Durango woman killed in bear attack is identified

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Durango woman killed in bear attack is identified

Autopsy shows ‘extensive damage,’ perforating injury to the neck

Durango woman killed in bear attack is identified

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Bear encounter tips

Incidents in which bears kill humans are rare. Colorado Parks and Wildlife reported three fatalities caused by bears between 1960 and 2020. Laney Malavolta’s death is the fourth fatality.
The Colorado Parks and Wildlife offers tips should someone encounter a bear.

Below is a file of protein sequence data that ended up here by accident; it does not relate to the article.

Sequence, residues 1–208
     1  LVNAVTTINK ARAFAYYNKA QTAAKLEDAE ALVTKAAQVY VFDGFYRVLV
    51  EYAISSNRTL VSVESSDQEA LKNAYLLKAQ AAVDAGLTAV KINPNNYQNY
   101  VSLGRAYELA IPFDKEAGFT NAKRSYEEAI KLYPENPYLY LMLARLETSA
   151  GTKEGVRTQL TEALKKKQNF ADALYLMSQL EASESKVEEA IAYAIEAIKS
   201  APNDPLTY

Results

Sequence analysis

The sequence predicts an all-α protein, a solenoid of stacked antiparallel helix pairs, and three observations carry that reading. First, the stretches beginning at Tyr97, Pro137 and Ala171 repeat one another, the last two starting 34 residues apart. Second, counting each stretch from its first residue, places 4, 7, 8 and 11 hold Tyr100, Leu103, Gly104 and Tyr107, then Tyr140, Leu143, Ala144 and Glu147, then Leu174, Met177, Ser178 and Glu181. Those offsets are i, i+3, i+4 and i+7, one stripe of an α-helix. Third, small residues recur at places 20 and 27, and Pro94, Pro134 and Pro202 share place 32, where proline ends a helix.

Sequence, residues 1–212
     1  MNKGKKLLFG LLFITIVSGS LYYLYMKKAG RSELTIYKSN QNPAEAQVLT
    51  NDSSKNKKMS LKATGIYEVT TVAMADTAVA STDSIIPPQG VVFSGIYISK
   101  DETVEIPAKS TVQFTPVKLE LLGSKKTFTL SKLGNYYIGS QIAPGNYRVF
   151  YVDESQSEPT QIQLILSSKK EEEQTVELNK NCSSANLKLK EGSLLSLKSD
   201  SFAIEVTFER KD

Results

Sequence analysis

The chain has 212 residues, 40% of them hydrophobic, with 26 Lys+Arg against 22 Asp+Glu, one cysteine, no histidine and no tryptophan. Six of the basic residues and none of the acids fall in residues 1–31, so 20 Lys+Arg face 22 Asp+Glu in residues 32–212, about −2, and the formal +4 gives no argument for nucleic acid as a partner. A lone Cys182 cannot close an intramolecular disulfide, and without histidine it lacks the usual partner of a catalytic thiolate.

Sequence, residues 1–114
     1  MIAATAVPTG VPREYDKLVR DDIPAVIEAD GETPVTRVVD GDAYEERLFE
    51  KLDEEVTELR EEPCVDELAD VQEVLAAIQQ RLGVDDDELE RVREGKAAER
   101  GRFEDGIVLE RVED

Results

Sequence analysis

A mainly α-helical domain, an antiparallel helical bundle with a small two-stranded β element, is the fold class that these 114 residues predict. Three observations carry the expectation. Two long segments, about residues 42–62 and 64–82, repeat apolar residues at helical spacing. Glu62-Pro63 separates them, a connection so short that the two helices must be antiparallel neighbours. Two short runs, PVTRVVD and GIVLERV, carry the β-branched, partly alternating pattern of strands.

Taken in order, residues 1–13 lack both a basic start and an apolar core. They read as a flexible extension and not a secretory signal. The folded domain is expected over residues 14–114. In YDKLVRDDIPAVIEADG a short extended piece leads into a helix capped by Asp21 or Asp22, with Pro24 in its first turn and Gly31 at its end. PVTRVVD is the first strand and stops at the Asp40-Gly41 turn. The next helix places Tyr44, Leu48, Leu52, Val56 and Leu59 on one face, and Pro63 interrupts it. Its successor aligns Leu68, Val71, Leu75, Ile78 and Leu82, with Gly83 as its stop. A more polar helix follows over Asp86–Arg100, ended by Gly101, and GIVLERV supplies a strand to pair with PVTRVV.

If you surprise a bear on a trail, you should:Stand still, stay calm and let the bear identify you and leave. Talk in a normal tone of voice. Be sure the bear has an escape route.Never run or climb a tree.If you see cubs, their mother is usually close by. Leave the area immediately.If the bear doesn’t leave:A bear standing up is just trying to identify what you are by getting a better look and smell.Wave your arms slowly overhead and talk calmly. If the bear huffs, pops it jaws or stomps a paw, it wants you to give it space.Step off the trail to the downhill side, keep looking at the bear and slowly back away until the bear is out of sight.If the bear approaches:A bear knowingly approaching a person could be a food-conditioned bear looking for a handout or, very rarely, an aggressive bear. Stand your ground. Yell or throw small rocks in the direction of the bear.Get out your bear spray and use it if/when the bear is about 40 feet away.If you’re attacked, don’t play dead. Fight back with anything available. People have successfully defended them­selves with pen knives, trekking poles and even bare hands, according to CPW.Herald Staff

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